- The Washington Times - Sunday, January 8, 2023

Rep. Dan Crenshaw apologized Sunday for accusing his Republican colleagues of acting like “terrorists” for blocking Rep. Kevin McCarthy’s path to become House speaker last week.

The Texas Republican said he was frustrated but only meant it figuratively and was surprised his colleagues were offended.

“I’ve got pretty thick skin. I’m called awful, vile things by the very same wing of the party that I was fighting at that moment. I was a little taken aback by the sensitivity of it,” Mr. Crenshaw said on CNN’s “State of the Union.” “But to the extent that [my] colleagues … were offended by it, I sincerely apologize to them. I don’t want them to think I actually believe they’re terrorists. It’s clearly a turn of phrase that you use and in what is a transient negotiation.”

Mr. McCarthy was ultimately voted House speaker after 15 ballots over five days that featured contentious intraparty fighting that at one point nearly led to a physical altercation on the House floor between Republican Reps. Mike Rogers of Alabama and Matt Gaetz of Florida.

Mr. Crenshaw, who backed Mr. McCarthy from the beginning, said he and the vast majority of the Republican conference were frustrated by the nearly two dozen ultra-conservative holdouts because it was unclear what other concessions they were demanding.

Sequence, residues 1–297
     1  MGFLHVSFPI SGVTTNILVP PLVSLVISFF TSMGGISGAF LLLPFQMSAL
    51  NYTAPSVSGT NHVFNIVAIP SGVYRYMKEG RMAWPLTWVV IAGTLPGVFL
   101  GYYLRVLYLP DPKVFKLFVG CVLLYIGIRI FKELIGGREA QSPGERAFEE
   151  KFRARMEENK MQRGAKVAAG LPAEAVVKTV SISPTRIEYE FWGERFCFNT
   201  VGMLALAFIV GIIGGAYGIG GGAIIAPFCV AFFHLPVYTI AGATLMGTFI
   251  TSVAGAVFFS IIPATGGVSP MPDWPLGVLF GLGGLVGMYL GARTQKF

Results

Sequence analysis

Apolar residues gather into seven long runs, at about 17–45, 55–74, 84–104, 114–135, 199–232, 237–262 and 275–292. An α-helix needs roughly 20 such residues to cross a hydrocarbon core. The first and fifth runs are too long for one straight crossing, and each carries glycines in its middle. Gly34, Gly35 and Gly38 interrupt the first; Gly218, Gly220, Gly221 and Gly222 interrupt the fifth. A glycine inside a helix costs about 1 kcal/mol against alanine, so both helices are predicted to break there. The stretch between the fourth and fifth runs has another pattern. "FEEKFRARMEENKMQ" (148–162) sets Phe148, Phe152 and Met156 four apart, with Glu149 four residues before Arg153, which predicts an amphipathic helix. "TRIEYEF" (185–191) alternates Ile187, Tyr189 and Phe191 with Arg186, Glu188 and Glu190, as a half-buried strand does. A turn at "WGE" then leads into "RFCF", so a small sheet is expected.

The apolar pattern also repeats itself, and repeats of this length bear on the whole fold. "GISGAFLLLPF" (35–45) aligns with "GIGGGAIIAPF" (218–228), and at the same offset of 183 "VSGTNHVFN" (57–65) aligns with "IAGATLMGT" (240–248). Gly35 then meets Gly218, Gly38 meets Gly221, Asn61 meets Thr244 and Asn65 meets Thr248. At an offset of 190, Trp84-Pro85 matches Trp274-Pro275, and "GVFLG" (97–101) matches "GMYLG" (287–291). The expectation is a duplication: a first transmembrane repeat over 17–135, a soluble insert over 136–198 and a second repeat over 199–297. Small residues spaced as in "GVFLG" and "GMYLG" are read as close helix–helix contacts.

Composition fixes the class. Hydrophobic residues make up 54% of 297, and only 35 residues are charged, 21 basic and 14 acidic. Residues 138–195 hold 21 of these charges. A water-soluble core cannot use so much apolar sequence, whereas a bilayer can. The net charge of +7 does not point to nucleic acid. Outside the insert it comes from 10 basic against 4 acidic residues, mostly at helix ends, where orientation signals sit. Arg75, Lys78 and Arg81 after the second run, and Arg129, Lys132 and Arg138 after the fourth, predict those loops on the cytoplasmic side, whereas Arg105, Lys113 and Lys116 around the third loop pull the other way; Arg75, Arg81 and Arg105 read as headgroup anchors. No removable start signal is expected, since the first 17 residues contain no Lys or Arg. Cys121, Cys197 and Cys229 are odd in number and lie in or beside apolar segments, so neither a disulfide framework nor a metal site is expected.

Mr. McCarthy made an array of agreements, such as promises to try to pare back federal spending and weakening his power as speaker by allowing any member to force a vote on his ouster.

SEE ALSO: Chip Roy warns McCarthy that GOP will ‘enforce’ deal to secure speakership

“The reason that the 200 were so upset was because we felt we’d already come to the agreement that we have now. This was not new,” Mr. Crenshaw said. “Early on in that week before we had taken a single vote, in a conference with everyone there, Kevin McCarthy had asked one of the leaders of this group, ‘What else do you want? Let’s make this work. What else do you want?’ They couldn’t answer in that moment. That was a real turning point for a lot of people.”

• Ramsey Touchberry can be reached at rtouchberry@washingtontimes.com.

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